Amid the economic chaos, Bitcoin is holding itself relatively stable. For now, at least.
The 20-day realized volatility of Bitcoin, a metric that measures daily changes in the price of Bitcoinfell below the level of the Nasdaq and S&P 500 for the first time in two years, according to results published this week by crypto data provider Kaiko.
Put simply, Bitcoin’s price has been much less volatile over the past three weeks. Just prior to the 20-day period in question, volatility in the crypto and equity markets had reached a 40-year high.
High inflation readings in the US economy have led many to expect the Federal Reserve’s terminal rate (the peak of their interest rate hikes) to be a long way off – the Fed has already raised its 0.75% rate thrice this year, the first of which was the steepest hike since 1994.
Kaiko also indicates that the spread between 30- and 90-day volatility readings for Bitcoin and stocks has narrowed since the second half of September.
The Nasdaq 100 and S&P 500 are down about 10% since the start of this month.
This is the first time since October 2020 that Bitcoin has been less volatile than Nasdaq.
It is also the first time since August 2020 that the world’s largest cryptocurrency has been more stable than the S&P 500.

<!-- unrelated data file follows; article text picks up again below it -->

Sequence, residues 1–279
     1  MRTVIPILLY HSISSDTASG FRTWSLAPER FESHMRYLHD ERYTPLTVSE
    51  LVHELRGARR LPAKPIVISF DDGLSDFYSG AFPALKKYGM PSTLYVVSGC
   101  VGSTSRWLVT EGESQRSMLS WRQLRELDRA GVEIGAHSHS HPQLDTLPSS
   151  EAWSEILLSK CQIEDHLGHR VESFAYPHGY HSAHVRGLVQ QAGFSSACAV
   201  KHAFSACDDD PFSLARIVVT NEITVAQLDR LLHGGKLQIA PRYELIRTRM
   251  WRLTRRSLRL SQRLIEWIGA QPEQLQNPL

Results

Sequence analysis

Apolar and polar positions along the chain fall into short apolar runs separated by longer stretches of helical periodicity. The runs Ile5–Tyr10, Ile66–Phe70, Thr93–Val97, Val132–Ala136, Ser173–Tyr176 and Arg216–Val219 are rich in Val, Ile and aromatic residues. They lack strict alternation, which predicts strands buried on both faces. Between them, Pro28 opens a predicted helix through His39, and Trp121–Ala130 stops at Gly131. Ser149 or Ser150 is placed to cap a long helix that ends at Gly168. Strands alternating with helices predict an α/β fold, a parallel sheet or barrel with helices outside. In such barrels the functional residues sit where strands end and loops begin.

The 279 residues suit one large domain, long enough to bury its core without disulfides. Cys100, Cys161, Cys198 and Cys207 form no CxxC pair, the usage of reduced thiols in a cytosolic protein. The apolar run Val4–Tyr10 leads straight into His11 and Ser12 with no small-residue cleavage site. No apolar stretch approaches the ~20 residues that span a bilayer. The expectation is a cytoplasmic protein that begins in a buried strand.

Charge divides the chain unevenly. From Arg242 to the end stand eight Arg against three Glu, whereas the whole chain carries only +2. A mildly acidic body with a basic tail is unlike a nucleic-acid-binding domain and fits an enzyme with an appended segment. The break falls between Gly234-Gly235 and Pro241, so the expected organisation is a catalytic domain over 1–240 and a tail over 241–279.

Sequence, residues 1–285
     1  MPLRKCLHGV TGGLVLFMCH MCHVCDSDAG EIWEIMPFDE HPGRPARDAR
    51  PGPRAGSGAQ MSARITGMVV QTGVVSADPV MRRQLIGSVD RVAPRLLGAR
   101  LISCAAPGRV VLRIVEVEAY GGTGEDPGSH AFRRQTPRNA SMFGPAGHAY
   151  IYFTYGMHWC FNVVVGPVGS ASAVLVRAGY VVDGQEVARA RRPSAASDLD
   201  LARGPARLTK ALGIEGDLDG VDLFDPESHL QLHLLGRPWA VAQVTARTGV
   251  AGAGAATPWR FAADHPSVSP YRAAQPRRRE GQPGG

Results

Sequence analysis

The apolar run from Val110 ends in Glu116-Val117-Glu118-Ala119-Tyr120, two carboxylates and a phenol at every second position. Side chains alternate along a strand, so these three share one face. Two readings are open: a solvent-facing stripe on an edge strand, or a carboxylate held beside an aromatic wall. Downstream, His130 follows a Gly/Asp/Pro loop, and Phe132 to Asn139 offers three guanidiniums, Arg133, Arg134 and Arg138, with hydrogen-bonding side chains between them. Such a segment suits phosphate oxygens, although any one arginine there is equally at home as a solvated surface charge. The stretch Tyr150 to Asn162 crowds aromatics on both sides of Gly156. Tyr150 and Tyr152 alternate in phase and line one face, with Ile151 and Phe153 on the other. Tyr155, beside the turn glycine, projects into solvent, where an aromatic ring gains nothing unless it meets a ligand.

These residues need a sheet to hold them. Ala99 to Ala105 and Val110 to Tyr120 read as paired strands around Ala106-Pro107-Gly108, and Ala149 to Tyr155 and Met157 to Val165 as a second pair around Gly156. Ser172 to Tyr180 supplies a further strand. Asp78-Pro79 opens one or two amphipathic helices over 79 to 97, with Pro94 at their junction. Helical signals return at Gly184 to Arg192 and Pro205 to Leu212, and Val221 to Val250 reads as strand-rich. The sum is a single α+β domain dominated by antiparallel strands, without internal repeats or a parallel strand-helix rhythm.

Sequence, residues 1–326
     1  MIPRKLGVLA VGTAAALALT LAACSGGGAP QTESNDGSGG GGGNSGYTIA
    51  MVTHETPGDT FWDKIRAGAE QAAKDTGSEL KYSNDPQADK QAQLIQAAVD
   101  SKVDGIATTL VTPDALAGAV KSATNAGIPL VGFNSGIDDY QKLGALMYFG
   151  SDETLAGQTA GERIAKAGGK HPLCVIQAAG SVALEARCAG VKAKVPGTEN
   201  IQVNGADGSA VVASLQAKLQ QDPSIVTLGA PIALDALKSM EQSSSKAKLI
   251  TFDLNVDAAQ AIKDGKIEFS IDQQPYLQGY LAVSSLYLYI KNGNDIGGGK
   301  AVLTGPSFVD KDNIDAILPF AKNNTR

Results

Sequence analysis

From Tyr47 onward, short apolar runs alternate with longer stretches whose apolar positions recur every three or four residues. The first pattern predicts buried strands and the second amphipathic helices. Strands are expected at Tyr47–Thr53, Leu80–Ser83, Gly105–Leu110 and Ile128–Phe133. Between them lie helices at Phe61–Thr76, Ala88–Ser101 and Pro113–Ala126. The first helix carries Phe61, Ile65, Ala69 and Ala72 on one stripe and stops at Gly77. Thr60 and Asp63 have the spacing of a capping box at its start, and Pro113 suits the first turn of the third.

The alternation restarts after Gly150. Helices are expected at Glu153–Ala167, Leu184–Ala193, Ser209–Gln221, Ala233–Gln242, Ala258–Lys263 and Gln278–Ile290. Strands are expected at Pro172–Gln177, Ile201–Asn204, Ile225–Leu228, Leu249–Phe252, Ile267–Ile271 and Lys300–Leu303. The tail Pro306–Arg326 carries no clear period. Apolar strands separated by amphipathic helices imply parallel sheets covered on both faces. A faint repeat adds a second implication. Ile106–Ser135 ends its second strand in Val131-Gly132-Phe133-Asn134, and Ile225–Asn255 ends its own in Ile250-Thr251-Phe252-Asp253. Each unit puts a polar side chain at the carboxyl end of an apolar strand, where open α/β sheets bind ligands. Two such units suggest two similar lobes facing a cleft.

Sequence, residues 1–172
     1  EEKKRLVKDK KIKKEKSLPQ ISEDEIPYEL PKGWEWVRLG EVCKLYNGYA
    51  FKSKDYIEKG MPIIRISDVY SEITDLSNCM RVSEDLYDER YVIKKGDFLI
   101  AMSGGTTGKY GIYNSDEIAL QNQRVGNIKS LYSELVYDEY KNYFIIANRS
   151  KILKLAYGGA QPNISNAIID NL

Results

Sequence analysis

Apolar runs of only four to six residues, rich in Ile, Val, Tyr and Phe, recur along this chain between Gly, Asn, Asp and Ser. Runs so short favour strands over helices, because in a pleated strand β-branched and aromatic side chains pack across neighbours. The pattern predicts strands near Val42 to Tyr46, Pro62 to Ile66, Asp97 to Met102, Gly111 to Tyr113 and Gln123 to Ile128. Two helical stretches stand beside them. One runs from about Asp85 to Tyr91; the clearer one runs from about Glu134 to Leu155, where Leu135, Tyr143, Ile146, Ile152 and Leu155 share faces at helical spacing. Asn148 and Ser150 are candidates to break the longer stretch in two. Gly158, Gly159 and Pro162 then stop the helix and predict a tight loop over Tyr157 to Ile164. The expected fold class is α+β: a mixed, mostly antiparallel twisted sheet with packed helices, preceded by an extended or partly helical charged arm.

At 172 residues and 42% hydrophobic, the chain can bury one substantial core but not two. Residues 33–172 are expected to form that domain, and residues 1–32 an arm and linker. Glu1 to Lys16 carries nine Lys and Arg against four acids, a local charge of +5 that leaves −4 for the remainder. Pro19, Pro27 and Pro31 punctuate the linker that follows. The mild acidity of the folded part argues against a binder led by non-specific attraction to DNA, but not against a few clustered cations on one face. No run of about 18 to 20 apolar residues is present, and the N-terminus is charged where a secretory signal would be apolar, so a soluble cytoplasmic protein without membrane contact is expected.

Kaiko unpacks the numbers
Kaiko’s research director, Clara Medalie, said Decrypt via email that “BTC volatility has been declining since early July,” which is around the time the industry began to take stock of the liquidity crunch that emerged at the end of July. Following The Collapse of Terra.
Crypto trading volumes remained stable despite low volatility, suggesting that trading activity remained constant.
On the other hand, stocks have seen their volatility increase “due to a series of factors, including high interest rates, the appreciation of the dollar, persistent inflation, the energy crisis and the war”, a- she added.
Medalie also said that despite its current $19,000 – a far cry from its all-time high of around $69,000 in November 2021 – Bitcoin now appears to be acting as a kind of buffer against macroeconomic uncertainties: “The divergence in market activity market for both asset classes suggest that cryptocurrencies are more resilient to recent volatility-inducing macro events.
Bitcoin has sometimes been closely correlated with stocks, although crypto proponents would prefer not to, as it was designed to be an alternative to traditional financial investments.
However, data from IntoTheBlock’s Correlation Matrix records Bitcoin’s current correlation coefficient with the Nasdaq and S&P 500 as approximately 0.3. The closer this number is to zero, the less correlation there is. The closer we get to 1, the more the markets are correlated.
In short: Bitcoin really is starts to uncouple inventory this fall. The question is, will it stay like this?
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